In a previous post, I talked about Reglan (Metoclopramide), a drug commonly used to relieve heartburn in patients with GERD (gastroesophageal reflux disease) or to relieve symptoms of slow stomach emptying for people with diabetes. Well, it turns out that this drug can also cause tardive dyskinesia (TD). Tardive dyskinesia is abnormal muscle movements, mostly in the face muscles, that you have no control over. TD has no treatment, and the symptoms might not go away even you stop taking raglan.
Clearly, TD is not a minor side effect. The FDA took action requiring manufacturers of the drug to add a “black box” warning about the drug’s risks. The U.S. National Library of Medicine – National Institute of Health Website now includes an IMPORTANT WARNING in its information for metoclopramide (better known as Reglan) –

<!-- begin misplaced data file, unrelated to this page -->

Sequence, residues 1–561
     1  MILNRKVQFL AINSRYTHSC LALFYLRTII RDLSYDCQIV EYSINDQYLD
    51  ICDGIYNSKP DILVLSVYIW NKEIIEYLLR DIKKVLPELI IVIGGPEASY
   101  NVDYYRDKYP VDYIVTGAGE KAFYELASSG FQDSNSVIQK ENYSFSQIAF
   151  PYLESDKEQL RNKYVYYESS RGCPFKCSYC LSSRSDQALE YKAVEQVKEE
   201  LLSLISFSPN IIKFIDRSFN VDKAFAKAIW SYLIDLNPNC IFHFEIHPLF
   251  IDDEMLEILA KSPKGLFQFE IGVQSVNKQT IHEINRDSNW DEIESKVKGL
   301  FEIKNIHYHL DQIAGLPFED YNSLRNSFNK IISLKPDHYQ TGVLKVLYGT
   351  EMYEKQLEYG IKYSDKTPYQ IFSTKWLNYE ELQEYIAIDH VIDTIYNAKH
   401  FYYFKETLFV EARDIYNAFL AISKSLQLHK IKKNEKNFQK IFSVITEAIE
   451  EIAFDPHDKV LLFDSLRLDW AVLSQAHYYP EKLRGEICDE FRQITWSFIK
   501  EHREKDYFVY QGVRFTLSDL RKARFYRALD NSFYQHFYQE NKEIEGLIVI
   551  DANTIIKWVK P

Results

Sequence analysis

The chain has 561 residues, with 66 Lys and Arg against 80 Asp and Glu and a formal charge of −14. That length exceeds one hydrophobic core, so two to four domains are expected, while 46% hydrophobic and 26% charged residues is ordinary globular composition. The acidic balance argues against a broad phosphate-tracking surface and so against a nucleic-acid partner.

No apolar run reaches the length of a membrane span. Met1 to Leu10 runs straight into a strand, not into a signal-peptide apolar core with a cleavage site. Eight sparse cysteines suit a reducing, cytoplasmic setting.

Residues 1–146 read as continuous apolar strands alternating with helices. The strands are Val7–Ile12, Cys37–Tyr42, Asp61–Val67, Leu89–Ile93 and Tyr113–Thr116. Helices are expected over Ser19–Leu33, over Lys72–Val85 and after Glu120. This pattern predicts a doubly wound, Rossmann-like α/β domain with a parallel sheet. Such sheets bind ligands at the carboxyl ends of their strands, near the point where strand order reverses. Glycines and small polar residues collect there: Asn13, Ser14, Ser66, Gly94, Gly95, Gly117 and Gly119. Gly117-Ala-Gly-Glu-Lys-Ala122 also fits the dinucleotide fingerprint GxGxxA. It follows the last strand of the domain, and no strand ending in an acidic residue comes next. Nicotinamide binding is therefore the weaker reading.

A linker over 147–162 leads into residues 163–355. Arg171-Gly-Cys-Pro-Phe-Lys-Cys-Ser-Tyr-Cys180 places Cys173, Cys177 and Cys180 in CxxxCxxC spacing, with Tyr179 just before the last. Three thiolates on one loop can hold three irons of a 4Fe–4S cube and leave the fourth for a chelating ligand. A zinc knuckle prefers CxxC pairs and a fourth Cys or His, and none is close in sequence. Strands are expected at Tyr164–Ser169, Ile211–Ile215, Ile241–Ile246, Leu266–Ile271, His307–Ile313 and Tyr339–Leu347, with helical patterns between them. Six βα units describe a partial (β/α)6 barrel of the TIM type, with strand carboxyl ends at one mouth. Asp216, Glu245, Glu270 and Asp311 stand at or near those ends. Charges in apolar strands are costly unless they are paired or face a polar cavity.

“Taking metoclopramide may cause you to develop a muscle problem called tardive dyskinesia. If you develop tardive dyskinesia, you will move your muscles, especially the muscles in your face in unusual ways. You will not be able to control or stop these movements. Tardive dyskinesia may not go away even after you stop taking metoclopramide. The longer you take metoclopramide, the greater the risk that you will develop tardive dyskinesia. Therefore, your doctor will probably tell you not to take metoclopramide for longer than 12 weeks. The risk that you will develop tardive dyskinesia is also greater if you are taking medications for mental illness, if you have diabetes, or if you are elderly, especially if you are a woman. Call your doctor immediately if you develop any uncontrollable body movements, especially lip smacking, mouth puckering, chewing, frowning, scowling, sticking out your tongue, blinking, eye movements, or shaking arms or legs.